• Why We Need to Move to SHA-2

    Part 5 of 9 in the Series — SHA-2 Migration
    Previously, we advised that the SSL industry must move to the SHA-2 hashing algorithm for certificate signatures. We thought it would be helpful to provide the reasoning behind the position. In the context of SSL, the purpose of a hashing algorithm is to reduce a message (e.g., a certificate) to a reasonable size for use with a digital signature algorithm.

        in Public Key Infrastructure, SSL, SSL Deployment
  • SHA-1 Deprecation, On to SHA-2

    Part 6 of 9 in the Series — SHA-2 Migration
    We have previously reviewed implementation of SHA-2, but with Bruce Schneier stating the need to migrate away from SHA-1 and the SHA-1 deprecation policy from Microsoft, the industry must start to make some progress in 2014. Web server administrators will have to make plans to move from SSL and code signing certificates signed with the SHA-1 hashing algorithm to certificates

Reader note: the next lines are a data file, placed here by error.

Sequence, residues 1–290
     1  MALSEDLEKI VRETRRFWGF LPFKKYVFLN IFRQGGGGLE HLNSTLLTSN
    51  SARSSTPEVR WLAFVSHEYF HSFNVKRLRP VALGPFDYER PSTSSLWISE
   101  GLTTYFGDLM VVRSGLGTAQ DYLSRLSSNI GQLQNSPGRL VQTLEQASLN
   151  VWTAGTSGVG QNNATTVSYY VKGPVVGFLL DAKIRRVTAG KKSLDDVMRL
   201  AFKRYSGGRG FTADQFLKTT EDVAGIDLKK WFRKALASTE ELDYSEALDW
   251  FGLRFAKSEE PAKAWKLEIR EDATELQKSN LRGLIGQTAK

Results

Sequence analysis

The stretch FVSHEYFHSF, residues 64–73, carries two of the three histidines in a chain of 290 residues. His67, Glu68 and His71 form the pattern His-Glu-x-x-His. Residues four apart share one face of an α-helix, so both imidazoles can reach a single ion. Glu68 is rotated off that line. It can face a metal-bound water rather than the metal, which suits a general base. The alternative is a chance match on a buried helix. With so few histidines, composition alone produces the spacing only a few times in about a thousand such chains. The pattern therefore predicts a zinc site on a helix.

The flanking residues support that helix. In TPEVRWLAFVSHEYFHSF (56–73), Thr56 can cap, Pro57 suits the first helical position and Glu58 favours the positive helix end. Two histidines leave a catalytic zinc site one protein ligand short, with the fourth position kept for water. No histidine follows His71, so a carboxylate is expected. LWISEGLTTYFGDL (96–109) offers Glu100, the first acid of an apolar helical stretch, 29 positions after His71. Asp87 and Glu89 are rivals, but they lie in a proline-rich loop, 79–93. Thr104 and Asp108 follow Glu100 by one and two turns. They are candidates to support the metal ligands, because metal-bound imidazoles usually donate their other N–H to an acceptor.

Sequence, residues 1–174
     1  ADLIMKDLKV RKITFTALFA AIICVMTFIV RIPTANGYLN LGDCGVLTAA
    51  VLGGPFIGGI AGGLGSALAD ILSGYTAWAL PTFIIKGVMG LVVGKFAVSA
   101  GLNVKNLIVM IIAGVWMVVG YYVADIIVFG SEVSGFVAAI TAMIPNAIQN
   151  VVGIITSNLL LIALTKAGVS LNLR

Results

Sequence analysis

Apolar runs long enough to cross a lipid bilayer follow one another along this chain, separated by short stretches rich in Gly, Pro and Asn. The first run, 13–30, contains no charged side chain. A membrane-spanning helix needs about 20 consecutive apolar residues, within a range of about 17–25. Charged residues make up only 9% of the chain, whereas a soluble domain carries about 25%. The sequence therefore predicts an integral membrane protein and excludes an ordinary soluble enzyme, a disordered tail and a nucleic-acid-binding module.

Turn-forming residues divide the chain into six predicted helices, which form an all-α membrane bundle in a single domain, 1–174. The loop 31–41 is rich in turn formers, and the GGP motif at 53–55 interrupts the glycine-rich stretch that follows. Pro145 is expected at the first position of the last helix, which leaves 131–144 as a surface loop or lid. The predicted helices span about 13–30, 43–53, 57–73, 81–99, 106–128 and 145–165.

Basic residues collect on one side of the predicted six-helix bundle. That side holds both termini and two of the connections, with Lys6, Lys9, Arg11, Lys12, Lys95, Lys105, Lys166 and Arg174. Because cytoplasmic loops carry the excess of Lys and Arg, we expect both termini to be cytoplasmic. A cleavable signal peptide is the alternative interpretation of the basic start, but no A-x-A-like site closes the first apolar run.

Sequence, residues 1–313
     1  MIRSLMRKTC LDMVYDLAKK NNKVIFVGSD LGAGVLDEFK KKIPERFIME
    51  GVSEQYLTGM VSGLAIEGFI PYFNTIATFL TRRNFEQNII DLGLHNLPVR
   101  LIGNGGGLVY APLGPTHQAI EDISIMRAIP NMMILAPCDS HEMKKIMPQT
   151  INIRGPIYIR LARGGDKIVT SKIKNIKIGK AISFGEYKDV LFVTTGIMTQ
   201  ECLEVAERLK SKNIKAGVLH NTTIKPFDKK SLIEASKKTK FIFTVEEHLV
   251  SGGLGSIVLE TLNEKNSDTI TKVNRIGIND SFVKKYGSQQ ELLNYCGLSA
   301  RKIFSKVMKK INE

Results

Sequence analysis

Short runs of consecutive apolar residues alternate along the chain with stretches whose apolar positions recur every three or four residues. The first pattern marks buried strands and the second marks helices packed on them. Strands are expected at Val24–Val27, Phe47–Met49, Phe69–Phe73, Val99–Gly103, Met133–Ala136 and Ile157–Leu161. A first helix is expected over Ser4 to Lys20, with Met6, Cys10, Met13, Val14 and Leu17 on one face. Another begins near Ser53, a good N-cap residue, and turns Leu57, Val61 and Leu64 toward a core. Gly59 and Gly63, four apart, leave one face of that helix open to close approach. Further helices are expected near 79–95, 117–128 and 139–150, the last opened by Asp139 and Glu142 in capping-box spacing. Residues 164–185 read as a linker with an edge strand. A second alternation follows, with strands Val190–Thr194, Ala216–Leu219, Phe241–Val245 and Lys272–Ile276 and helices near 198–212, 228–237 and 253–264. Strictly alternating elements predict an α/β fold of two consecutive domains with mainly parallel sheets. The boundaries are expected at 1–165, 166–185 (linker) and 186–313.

in SSL, SSL Deployment
  • SHA-3

    On October 2, 2012, the National Institute of Standards and Technology (NIST) announced that the winner of the new SHA-3 hash function competition was Keccak. The plan is SHA-3 will eventually replace SHA-1 and the SHA-2 hash families. To support digital certificates, the hashing function is used by the certification authority (CA) to put its signature on the certificates and

        in Secure Browsing, SSL, Technical